Genre Introduction: Dystopia

Dystopian stories have become pretty popular recently. There are, of course, the well-known Hunger Games and Divergent trilogies, but there are plenty of other messed-up futuristic worlds to explore. Dystopia worlds usually have the government trying to create a “perfect place,” that results in something far worse than today’s standards. Within different social/political structures, heroes face odds to change their world. There’s often some side romance as well. If you haven’t already started into this genre, here are some different types:

legend_coverLegend by Marie Lu focuses on class struggle.

Welcome to a world filled with plague. A plague, for some reason, only affects the poor people. When Day, the Republic’s most wanted criminal, finds his family has been infected, he’ll do whatever it takes to find a cure. After a break-in at the hospital, Day is the in the prime suspect for the murder of  a commanding officer, June’s brother.

June is the Republic’s prodigy, with perfect academic scores, but is constantly in trouble, for things like scaling a building when she wasn’t supposed to. June swears revenge on her brother’s killer, only to find that the Republic has been lying to everyone the entire time.

maze_runner_coverThe Maze Runner by James Dashner targets post-apocalyptic aftermath methods of recovery.

Thomas arrives in an elevator. Everything is dark, and the only thing he can remember is his name. His destination is the Glade, consisting of only teenage boys, surrounded by an impossible constantly changing maze. Every month a new boy arrives and everyone goes along with life, as they have done for the last couple years. But everything changes when, just one day after Thomas, a girl arrives with a mysterious message. The Glade is no longer a safe place. And if they want to escape, Thomas had better start running.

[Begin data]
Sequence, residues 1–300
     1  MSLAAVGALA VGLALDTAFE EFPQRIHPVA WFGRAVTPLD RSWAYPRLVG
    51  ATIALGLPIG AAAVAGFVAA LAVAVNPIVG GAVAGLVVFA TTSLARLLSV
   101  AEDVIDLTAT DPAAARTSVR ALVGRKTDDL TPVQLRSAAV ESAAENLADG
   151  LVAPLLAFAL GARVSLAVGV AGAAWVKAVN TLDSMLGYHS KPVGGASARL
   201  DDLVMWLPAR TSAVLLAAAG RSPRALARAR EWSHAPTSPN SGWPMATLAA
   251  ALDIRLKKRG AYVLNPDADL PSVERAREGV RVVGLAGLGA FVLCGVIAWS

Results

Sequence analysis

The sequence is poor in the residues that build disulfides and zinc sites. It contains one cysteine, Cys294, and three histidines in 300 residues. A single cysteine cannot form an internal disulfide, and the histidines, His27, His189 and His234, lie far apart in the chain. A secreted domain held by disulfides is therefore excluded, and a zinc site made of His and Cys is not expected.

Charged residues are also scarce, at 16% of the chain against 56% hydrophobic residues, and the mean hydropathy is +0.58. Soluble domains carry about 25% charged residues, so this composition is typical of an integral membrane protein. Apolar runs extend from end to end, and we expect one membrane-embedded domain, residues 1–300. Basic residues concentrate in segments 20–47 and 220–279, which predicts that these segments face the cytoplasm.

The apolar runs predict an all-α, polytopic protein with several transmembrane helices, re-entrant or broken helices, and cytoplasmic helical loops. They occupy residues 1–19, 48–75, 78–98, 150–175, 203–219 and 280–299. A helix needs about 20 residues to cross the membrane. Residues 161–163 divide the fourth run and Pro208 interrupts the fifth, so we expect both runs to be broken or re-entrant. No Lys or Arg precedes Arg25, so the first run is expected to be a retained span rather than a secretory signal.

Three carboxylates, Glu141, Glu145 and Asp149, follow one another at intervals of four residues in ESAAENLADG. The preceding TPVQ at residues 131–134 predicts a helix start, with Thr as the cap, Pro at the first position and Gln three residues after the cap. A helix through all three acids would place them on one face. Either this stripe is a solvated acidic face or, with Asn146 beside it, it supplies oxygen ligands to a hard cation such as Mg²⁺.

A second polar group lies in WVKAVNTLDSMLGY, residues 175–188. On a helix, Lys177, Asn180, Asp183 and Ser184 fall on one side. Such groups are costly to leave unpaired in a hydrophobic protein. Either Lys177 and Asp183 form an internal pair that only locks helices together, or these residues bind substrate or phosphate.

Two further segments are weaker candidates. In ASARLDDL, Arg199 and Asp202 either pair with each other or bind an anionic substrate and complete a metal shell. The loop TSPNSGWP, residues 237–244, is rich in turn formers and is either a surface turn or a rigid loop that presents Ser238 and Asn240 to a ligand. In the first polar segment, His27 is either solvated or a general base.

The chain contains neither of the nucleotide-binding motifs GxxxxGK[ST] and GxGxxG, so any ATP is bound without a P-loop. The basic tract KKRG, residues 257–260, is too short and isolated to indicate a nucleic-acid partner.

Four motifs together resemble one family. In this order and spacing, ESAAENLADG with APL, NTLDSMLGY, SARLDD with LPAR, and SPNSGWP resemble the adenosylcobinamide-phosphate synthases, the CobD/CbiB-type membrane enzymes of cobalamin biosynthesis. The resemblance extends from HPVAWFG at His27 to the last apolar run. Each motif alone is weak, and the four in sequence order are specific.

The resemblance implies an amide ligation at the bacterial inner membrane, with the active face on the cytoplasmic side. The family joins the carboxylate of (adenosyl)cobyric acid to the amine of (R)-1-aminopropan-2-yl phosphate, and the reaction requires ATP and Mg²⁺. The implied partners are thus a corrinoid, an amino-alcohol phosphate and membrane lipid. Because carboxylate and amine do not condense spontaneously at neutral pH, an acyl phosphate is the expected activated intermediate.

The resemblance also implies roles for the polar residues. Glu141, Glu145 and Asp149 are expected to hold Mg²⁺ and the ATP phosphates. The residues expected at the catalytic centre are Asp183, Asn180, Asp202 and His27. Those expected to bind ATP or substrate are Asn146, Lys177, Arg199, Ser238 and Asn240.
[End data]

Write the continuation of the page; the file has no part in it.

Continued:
unwindUnwind by Neal Shusterman asks what it means to be alive.

There are too many teenagers in the future. The solution is not to kill them; instead, the rebellious generation simply lives in a “divided state” with every part of their body still alive, but not making up them anymore. Connor is turned in by his parents rebellious behavior. Risa is an orphan the state can no longer afford, since she has reached her musical potential. Lev is a sacrifice, knowing since birth he was going to be unwound for religious reasons. Fate brings these unlikely teenagers together and keeps them on the run because what will happen if they are caught might be even worse than death.

There are plenty other types of dystopias, not to mention the ones I’ve named have multiple meanings and interpretations. That’s the cool thing about dystopias– you can see, from an author’s perspective, how the world might change for the worst. It just makes me that much more grateful it’s only a story.

-Nicole G., 11th grade

Genre Introduction: Paranormal Romance

Paranormal romance novels seem to be all the rage in the teenage reading world right now and, in this case, I am no exception to the norm.  I mean, seriously, what isn’t awesome about paranormal romance?  You get adventure, action, romance, fantasy, mystery, mythology, realistic fiction; pretty much all of the genres rolled into one!  Some series of this genre that have joined my ever-growing bookshelf are Born at Midnight (Shadow Falls series) by C.C. Hunter, Vampire Academy by Richelle Mead, and City of Bones (Mortal Instruments series) by Cassandra Clare.  All of these series are, as I like to refer to it, realistic fantasy.